Sarah Richani
The Delight Song of Tsoai-talee
oil, 100x100cm

In the poem The Delight Song of Tsoai-talee by N. Scott Momaday the beauty of nature
and the privilege to experience its beauty by being alive are colorfully portrayed.
For me while reading the poem, it initially evoked a feeling of happiness of being able to
witness the marvels of nature, but then it suddenly triggered a feeling of sadness when I
reflected about humans standing in good relation to the earth and to all that is
beautiful.
Particularly, when knowing that this poem was written by a famous Native American
writer, who strongly influenced the Native American Renaissance, the poem felt more like
an urgent wake-up call to those reading it.
Native American tribes have suffered from being removed of their lands and forests. And
even nowadays they have to constantly fight to protect their sacred land from oil pipelines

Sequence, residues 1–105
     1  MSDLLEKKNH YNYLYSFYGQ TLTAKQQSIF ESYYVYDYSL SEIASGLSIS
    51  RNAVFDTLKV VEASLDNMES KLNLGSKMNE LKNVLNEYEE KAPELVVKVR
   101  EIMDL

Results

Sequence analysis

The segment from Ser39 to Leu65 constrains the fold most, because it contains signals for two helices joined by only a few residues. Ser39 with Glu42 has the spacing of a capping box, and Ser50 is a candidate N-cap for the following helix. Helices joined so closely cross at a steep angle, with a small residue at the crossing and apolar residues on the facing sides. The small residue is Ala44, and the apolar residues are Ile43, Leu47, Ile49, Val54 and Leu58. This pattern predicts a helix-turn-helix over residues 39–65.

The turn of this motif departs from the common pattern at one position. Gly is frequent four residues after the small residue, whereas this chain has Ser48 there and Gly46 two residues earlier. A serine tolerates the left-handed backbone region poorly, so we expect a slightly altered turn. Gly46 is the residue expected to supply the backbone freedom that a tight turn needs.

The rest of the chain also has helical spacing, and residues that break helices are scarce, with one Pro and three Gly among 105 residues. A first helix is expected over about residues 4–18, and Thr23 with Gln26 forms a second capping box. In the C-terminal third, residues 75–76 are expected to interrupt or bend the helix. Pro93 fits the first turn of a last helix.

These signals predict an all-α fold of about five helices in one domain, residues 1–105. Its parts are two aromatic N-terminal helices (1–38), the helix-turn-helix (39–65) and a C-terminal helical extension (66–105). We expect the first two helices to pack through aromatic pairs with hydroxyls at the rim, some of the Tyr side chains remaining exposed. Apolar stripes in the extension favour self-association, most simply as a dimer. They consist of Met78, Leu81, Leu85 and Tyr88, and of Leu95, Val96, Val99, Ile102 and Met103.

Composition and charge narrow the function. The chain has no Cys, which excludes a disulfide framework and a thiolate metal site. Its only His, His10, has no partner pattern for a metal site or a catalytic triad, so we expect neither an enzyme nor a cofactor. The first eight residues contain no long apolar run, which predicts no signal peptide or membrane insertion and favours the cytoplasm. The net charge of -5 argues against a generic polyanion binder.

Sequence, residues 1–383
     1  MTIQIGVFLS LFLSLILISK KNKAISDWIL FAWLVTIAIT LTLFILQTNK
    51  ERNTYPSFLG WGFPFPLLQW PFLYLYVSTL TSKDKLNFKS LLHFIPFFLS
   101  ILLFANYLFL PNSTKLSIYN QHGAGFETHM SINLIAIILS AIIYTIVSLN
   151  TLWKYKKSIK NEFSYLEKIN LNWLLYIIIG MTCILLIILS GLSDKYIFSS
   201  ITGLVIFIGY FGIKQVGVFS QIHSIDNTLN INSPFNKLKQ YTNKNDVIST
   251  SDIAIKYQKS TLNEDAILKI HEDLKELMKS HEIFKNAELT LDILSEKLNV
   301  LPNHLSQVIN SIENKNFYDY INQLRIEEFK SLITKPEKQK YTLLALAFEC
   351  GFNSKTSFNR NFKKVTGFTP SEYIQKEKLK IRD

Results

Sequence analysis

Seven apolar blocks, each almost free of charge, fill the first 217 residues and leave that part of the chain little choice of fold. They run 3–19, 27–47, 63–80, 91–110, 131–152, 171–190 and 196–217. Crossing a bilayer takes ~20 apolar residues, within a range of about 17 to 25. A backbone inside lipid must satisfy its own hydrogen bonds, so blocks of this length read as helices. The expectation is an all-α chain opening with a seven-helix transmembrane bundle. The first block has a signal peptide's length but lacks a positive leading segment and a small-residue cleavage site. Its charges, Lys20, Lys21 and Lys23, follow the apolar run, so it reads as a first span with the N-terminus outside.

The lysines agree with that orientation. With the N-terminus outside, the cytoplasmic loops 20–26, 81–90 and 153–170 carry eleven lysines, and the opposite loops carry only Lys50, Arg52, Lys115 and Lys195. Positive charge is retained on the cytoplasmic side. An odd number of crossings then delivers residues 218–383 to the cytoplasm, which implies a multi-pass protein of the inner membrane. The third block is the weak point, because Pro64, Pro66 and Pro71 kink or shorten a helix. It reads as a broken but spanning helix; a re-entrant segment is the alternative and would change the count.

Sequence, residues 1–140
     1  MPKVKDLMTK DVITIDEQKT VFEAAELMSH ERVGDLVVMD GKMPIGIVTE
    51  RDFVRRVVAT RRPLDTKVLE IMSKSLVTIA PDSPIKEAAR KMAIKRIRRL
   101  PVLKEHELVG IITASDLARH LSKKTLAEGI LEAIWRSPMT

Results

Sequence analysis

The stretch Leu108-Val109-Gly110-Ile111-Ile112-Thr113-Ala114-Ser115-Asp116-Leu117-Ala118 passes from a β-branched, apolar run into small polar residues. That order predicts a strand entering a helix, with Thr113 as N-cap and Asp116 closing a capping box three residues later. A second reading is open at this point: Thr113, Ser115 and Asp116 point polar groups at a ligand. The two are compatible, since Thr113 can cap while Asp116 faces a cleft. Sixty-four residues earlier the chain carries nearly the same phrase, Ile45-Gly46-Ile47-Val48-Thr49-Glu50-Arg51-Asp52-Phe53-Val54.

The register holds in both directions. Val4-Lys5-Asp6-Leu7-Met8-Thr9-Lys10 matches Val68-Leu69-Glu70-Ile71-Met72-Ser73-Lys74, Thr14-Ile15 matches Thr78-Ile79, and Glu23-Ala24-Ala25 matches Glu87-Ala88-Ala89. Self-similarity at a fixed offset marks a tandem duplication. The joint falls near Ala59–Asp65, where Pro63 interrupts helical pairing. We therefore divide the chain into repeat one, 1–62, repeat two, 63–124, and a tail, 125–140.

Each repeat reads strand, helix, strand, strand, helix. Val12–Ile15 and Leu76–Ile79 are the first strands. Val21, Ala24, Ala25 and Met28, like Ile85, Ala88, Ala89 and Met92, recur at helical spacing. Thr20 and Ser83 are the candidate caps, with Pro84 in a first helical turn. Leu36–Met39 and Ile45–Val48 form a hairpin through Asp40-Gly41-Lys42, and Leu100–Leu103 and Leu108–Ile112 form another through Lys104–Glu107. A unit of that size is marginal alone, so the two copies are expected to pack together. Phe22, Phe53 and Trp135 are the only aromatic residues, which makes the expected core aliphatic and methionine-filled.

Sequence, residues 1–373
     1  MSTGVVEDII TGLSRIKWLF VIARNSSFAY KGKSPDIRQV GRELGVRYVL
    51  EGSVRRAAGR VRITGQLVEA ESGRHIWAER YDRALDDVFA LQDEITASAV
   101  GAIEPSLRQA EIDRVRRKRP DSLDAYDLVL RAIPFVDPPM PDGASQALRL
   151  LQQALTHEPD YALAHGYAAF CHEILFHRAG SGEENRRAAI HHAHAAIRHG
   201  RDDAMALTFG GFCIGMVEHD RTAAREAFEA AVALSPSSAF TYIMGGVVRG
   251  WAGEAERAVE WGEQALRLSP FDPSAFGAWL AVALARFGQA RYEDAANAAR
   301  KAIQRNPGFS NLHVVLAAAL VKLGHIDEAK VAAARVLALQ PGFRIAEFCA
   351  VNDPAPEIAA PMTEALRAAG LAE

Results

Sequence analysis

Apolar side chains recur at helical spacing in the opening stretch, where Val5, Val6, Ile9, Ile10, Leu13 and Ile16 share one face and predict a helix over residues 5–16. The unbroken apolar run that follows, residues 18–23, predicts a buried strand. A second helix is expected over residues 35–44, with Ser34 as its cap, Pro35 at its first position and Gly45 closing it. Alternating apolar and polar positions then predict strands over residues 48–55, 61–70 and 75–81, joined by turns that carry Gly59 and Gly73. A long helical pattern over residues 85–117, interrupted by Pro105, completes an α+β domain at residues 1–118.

and the oil industries that pollute their soils, landscapes and drinking water. This makes
living a nightmare and the poem becomes more like a dream of how it once was (or could
be in a distant future) to feel the happiness of being one with mother nature.
With these contrasting emotions of happiness, sadness, anger and hope, I created the
painting that combines all the metaphors used by the poet to cherish the beauty of nature
and embedded them in the clashing landscape that is engulfed by the greedy black poison
and its products.
My painting echoes the wake-up call in the poem and yet with playful colors the viewer is
carried to mysterious places of beauty and hope.

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